An unnamed source close to the Richfield-based electronics retailer told the Star Tribune that the company is investigating multiple complaints that Brian Dunn—who abruptly resigned Tuesday—behaved inappropriately with a female subordinate; Best Buy hasn’t confirmed the assertion but declined to challenge the newspaper’s reporting, and the company has vowed to publicly release the findings of the investigation that’s underway.
Best Buy Company, Inc.’s board of directors is investigating allegations that former CEO Brian Dunn used company resources to carry out an inappropriate relationship with a female employee, the Star Tribune reported Thursday.
An unnamed source close to the Richfield-based electronics retailer told the newspaper that the company is investigating multiple complaints that Dunn—who abruptly resigned Tuesday—behaved inappropriately with a female subordinate.
The Star Tribune reported that Best Buy hasn’t confirmed that assertion but declined when directly asked whether it wanted to challenge the Minneapolis newspaper’s reporting.
However, Best Buy on Thursday told the Star Tribune that it will publicly release the findings of the investigation that’s now underway and vowed to “take appropriate action.” Company officials reportedly expect to release the report in a matter of weeks.
Best Buy said Tuesday that Dunn’s resignation was the result of “mutual agreement that it was time for new leadership to address the challenges that face the company.” It also said: “There were no disagreements between Mr. Dunn and the company on any matter relating to operations, financial controls, policies, or procedures.”
But later on Tuesday, in response to a Star Tribune inquiry, Best Buy told the newspaper that the board of directors’ audit committee—which normally oversees the company’s finances—was investigating Dunn’s “personal conduct.”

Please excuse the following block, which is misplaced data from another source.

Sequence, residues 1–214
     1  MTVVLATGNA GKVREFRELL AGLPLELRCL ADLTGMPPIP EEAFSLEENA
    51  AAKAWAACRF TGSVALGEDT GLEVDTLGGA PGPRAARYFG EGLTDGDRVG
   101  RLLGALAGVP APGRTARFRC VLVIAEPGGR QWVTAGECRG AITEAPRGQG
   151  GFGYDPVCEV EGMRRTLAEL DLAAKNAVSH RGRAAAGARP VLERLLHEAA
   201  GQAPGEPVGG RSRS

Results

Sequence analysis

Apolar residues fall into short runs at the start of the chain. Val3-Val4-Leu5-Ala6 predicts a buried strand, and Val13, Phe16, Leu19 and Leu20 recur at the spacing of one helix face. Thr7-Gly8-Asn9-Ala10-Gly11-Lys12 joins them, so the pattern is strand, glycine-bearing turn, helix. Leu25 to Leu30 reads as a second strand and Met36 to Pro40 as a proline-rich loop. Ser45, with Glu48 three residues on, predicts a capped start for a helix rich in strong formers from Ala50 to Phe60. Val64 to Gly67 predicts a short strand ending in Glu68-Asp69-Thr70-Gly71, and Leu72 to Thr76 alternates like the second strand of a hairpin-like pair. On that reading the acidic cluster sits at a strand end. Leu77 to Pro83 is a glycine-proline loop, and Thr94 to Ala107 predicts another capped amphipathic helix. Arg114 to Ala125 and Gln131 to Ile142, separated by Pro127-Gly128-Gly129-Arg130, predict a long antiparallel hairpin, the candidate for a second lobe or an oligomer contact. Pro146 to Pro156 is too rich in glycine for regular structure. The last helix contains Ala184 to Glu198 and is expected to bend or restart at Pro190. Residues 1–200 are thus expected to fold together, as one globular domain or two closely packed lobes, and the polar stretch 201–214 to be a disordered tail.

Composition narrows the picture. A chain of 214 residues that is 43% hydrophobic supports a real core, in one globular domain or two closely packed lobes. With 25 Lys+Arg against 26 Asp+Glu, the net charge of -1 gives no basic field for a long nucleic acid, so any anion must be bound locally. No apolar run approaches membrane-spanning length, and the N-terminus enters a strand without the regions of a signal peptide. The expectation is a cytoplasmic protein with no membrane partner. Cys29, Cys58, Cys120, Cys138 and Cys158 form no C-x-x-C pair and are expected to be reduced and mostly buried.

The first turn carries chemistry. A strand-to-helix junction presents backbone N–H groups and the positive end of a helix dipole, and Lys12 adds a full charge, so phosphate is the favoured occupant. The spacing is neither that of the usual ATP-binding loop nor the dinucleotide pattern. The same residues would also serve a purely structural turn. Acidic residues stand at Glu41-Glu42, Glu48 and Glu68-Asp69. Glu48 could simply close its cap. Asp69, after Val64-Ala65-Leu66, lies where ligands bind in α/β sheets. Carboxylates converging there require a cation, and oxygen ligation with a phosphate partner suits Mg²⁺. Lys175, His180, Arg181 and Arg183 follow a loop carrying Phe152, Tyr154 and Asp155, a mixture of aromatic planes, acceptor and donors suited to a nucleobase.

Dunn’s resignation comes less than two weeks after he unveiled plans for a major restructuring of the company’s business model and work force. The plans include cutting 400 positions at Best Buy’s Richfield headquarters, closing 50 big-box stores, shifting some big-box stores to a smaller “connected-store” format, opening 100 new standalone Best Buy Mobile stores in the United States, and adding 50 new Five Star appliance stores in China.
The company expects those moves to result in $800 million in savings during the next three years, including $250 million in savings this year.
In conjunction with its announcement about Dunn’s departure, Best Buy on Tuesday named G. Mike Mikan—who has served on its board since 2008—as interim CEO. He’ll lead the company as it searches for a new chief executive.
According to the Star Tribune, analysts have already named a number of potential candidates to replace Dunn. That group reportedly includes former Best Buy executive and current Advance Auto Parts CEO Darren Jackson, former Williams-Sonoma Chief Financial Officer Sharon McCollam, and former RadioShack CEO Julian Day.
In a companywide message distributed Wednesday, Mikan told Best Buy employees that the work being performed to address the company’s challenges “absolutely must continue” and assured workers that he and other senior leaders are creating a “blueprint for growth.”
Best Buy—Minnesota’s third-largest public company—recently reported revenue of $50.7 billion for the fiscal year that ended last month. It reported a loss of $3.36 per share for the year, compared to earnings of $3.08 per share during the previous year. Same-store sales—sales at stores open at least a year—declined 1.7 percent during the fiscal year.
The company experienced a significant setback last week, when Standard & Poor’s placed the retailer’s credit rating on watch “with negative implications”—an indication that the agency is considering downgrading its credit rating to “junk” status.
To read the full Star Tribune report about Best Buy’s investigation into Dunn’s conduct with a female worker, click here.